Swiss pensioners should be given the option to draw down higher levels of pension income on a time-limited basis, according to Willis Towers Watson.

The consultancy’s model is for the portion of pension savings capital that exceeds the minimum cover prescribed by law.

It proposed the model in response to falling conversion rates, which are used to calculate how much pensioners can take as income from their pensions every year. It was pitched as a means of alleviating pressure on pension providers and offering flexibility and fairness for pensioners.

Swiss pension providers have been cutting conversion rates in response to demographic change, increased life expectancy, and low interest rates. At many pension funds the rate is 5% or less for the overall plan.

“The lower the conversion rate, the higher the risk a pensioner will not be able to use up the capital s/he has accrued,” Willis Towers Watson said.

The consultancy added that pension providers and scheme members close to retirement have to assess life expectancy and future yields over a 25 or 30-year timeframe. The longer the timeframe for which such estimates are needed, the higher the probability that the assumptions used will not materialise.

Under the model proposed by the consultancy, a pensioner would choose for how long he or she wished to receive a pension – for example 15, 20, or 25 years.

Once this period has lapsed the pensioner would receive the accumulated interest as a final payment.

Willis Towers Watson said this model would increase pension funds’ ability to plan and minimise interest rate risk and longevity risk.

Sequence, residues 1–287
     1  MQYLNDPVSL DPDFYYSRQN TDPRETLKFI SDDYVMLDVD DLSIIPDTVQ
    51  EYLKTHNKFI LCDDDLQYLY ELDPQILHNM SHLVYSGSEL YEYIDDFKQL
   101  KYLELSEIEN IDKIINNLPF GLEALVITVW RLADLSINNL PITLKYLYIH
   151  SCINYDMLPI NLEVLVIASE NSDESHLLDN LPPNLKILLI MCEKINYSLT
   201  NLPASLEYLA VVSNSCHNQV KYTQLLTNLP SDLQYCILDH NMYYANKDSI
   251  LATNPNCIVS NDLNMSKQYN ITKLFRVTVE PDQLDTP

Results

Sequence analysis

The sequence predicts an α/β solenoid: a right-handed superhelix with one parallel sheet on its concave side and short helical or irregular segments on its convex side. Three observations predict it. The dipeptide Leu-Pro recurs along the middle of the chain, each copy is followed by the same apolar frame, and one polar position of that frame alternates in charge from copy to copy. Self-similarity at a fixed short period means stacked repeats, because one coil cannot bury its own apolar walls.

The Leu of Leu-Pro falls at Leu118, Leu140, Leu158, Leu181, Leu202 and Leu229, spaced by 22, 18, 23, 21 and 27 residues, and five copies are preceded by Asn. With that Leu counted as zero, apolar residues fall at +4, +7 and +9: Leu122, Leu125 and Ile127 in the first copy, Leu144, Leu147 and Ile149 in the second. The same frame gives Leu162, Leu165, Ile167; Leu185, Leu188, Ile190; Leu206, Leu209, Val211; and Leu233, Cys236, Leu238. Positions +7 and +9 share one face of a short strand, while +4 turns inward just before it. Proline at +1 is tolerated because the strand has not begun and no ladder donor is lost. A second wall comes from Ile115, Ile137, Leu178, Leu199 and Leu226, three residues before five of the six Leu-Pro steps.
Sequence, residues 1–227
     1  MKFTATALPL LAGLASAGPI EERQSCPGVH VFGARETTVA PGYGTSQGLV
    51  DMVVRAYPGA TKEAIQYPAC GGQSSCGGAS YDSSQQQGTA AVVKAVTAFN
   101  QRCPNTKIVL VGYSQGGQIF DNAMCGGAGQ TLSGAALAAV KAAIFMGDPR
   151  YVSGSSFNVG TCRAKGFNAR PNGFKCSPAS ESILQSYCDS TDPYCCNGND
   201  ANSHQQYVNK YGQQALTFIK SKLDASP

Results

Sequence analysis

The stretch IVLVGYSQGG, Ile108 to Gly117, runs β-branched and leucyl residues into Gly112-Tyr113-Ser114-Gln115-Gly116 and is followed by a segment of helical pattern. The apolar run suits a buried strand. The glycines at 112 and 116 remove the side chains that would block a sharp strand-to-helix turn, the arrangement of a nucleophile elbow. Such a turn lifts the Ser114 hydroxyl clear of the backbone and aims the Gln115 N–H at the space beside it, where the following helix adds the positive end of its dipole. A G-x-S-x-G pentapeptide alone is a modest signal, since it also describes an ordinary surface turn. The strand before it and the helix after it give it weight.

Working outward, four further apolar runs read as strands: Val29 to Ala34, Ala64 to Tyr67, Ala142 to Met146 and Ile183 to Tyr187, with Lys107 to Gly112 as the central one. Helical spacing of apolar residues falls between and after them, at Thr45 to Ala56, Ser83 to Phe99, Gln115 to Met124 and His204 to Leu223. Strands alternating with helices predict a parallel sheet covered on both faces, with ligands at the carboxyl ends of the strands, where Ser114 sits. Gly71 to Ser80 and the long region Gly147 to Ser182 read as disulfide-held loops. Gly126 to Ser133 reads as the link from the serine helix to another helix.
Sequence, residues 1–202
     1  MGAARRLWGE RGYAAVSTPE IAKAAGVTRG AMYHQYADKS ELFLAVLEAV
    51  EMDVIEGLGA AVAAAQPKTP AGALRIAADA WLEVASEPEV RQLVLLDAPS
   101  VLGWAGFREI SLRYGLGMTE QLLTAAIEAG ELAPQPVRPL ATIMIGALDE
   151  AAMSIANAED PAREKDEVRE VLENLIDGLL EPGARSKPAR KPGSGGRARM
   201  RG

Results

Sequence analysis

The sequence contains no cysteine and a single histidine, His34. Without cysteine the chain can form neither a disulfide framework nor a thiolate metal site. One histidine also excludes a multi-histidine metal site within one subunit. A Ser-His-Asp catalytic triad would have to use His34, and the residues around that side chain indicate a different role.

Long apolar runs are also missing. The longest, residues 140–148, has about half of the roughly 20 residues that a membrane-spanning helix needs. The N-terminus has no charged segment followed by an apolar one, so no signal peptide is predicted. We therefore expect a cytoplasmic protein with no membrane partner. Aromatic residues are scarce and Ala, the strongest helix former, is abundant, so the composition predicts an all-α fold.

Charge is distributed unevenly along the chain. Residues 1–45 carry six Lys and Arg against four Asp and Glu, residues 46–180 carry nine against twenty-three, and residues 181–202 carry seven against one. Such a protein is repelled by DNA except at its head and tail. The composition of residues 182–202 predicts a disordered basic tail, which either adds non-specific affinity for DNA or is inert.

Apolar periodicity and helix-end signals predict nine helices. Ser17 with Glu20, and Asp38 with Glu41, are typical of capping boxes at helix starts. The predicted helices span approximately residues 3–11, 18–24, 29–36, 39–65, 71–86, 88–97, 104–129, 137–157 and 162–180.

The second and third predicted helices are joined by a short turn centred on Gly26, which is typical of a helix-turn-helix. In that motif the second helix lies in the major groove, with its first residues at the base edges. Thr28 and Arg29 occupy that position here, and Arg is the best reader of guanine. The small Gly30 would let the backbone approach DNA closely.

Pensioners would benefit because their accrued capital was guaranteed to be paid out, instead of going back to the fund.

If the pensioner died before the end of the chosen time period, the remaining retirement savings capital accrued above the mandatory level would be paid out to the surviving relatives. Under the current approach the rest of the savings capital stays with the pension fund, leading to departure gains.   

Taking a lump sum payment instead of a regular pension would still be an option under the consultancy’s model.

According to Willis Towers Watson, more than 50% of future Swiss pensioners could benefit from increased flexibility in the way they draw down their accrued above-mandatory pension without this affecting their base pension provision.

Christian Heiniger, pension fund expert at Willis Towers Watson, said: “Conversion rates have been falling continuously in [recent] years and the trend continues unabated. The lower the conversion rate the more attractive the model of time-limited pensions with a refund guarantee becomes.”

The consultancy’s proposal comes as various industry associations in Switzerland are positioning themselves either for or against a comprehensive pension reform programme that will be put to a referendum in September.